The opportunity to create, strengthen and inspire the connection between people and public places from a holistic perspective has never been greater... How can we make the most of it?
he pandemic has reinforced the importance of health and wellbeing in our society.
While some will prefer the flexibility afforded by our new work-life balance – less commuting and more opportunities to enjoy open spaces – for many, being rooted in one place is likely to have increased overall levels of depression, anxiety and stress.
Covid-19 has also highlighted the disparities in health and wellbeing outcomes across the country, with those in the poorest living conditions – cramped or overcrowded homes, with poor natural light and lack of access to an outside space – among the most negatively affected.
These issues were highlighted in Productive Placemaking, the report by the APPG on Building Communities, that I chair. Although written pre-pandemic, the findings are even more relevant in a post-Covid world.
I am convinced that creating healthy, urban environments should be key to our recovery strategy. Bob Blackman MP
Nature and nurture
With government focusing on not only building back better but also faster and greener, placemaking will provide an opportunity to reduce social inequalities and tackle long-term environmental issues that have resulted in poor health outcomes for many. I am convinced that creating healthy, urban environments should be key to our recovery strategy.
What do these places look like? Readers of Planning will know better than me but from a layman’s perspective this is about creatively designing communities to encourage socialising between residents, ensuring they are inclusive and accessible to everyone – no matter their age or physical ability – and bringing nature into the heart of towns and cities.
Given the decline in pollution in some of our largest conurbations during lockdown, measures to improve air quality will have to come to the fore. That means more mixed-use city design and active travel measures that make streets both cleaner and safer.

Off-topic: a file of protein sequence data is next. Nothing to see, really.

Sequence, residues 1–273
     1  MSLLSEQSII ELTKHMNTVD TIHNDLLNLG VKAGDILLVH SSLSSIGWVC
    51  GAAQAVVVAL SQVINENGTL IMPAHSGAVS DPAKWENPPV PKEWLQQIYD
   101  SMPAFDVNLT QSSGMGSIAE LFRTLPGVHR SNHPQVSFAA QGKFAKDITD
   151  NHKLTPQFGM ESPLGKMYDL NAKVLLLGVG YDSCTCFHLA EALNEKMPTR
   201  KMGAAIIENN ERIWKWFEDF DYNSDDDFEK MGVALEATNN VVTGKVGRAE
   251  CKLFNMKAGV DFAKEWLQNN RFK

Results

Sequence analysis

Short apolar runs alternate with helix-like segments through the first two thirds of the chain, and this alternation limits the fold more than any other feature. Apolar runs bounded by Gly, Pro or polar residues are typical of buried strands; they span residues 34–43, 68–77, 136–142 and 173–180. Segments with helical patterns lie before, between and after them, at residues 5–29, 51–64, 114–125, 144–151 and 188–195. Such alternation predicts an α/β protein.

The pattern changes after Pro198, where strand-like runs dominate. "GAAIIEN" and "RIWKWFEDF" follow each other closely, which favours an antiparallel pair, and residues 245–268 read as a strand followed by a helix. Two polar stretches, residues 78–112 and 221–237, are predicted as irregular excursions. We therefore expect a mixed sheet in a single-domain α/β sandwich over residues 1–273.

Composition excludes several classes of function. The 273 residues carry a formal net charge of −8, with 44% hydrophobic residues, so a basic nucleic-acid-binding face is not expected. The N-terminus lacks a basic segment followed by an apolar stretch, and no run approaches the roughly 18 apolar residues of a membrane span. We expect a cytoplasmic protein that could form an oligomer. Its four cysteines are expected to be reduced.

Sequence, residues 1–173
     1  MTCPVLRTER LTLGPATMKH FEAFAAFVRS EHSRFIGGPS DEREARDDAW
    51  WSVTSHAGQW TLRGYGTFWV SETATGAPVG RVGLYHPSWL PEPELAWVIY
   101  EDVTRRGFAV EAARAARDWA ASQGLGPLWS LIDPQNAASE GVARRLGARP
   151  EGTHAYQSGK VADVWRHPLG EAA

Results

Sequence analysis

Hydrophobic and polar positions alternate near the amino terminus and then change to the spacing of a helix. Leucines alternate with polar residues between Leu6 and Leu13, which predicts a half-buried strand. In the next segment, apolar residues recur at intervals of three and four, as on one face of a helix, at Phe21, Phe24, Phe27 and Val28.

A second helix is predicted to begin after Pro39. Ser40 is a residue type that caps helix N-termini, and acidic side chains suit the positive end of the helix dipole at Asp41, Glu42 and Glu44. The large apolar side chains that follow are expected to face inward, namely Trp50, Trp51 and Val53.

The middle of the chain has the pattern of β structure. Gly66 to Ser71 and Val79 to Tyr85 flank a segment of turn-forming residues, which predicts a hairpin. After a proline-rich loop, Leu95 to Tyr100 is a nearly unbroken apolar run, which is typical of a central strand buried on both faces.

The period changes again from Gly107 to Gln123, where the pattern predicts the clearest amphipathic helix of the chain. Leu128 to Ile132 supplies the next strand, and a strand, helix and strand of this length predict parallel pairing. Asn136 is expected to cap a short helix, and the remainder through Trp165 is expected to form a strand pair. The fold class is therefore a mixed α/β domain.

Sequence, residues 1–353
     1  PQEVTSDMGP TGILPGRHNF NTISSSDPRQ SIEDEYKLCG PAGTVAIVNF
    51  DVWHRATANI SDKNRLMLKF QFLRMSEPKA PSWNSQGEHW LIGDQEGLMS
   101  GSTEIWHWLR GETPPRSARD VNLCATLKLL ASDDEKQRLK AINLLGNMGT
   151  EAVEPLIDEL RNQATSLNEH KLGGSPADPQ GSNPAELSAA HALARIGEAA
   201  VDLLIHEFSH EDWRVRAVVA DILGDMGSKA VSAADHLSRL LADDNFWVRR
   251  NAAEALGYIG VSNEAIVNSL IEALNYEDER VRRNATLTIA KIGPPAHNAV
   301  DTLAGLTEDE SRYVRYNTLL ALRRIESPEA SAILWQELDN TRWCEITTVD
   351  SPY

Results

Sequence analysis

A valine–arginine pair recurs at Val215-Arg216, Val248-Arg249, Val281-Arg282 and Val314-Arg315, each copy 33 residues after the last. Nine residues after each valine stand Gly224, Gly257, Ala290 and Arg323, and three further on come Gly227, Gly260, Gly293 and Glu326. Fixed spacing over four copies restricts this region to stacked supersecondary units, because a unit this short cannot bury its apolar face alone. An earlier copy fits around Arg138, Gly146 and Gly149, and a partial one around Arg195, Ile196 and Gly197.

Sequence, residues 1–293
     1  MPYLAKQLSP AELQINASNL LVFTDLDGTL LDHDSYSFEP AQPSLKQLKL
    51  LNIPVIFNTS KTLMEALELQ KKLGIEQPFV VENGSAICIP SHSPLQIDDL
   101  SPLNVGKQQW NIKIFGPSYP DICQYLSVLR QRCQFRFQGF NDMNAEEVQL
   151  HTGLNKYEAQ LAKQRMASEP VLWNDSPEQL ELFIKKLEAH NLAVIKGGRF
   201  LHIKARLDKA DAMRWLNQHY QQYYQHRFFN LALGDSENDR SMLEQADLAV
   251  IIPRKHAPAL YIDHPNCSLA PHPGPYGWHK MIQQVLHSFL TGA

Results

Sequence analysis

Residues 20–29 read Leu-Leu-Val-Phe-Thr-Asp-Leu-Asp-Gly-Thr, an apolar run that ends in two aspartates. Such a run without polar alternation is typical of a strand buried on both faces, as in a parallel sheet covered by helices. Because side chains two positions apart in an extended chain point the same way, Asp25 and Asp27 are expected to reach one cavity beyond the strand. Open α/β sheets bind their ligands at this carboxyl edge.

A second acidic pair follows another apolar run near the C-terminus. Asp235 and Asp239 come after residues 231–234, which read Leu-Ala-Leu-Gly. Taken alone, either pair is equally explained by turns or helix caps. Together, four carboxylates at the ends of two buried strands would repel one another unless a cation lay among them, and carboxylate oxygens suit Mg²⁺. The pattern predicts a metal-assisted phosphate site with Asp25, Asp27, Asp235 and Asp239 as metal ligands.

For example, encouraging the current increase in cycling through better infrastructure has a direct impact on wellbeing – a recent study by the British Medical Journal found there was a staggering 45% reduction in deaths from cancer and cardiovascular disease among those who cycled to work each day.
This does not mean impacting on motorists: we can create safe cycle routes away from existing roads. This avoids cramming dedicated lanes for cyclists, buses and cars on the same stretch of road causing congestion and the worst kind of air.
Equally, for those for whom it is impractical to cycle, we need more investment in public transport networks, notably environmentally-friendly, next-generation buses, trains and trams, as well as increased car parking facilities at stations.
If 'Building Back Better' is to become a reality, placemaking must be at the heart of the government’s upcoming planning reforms. Not only will this nurture the communities where people truly want to live, work and play but also create spaces that promote better health and wellbeing for all.
Bob Blackman MP is chairman of the APPG on Building Communities, which brings together politicians and the industry to influence community building and placemaking. The Secretariat is provided by the Association for Consultancy and Engineering (ACE).
This article originally appeared in Planning magazine, and online at Planning Resource.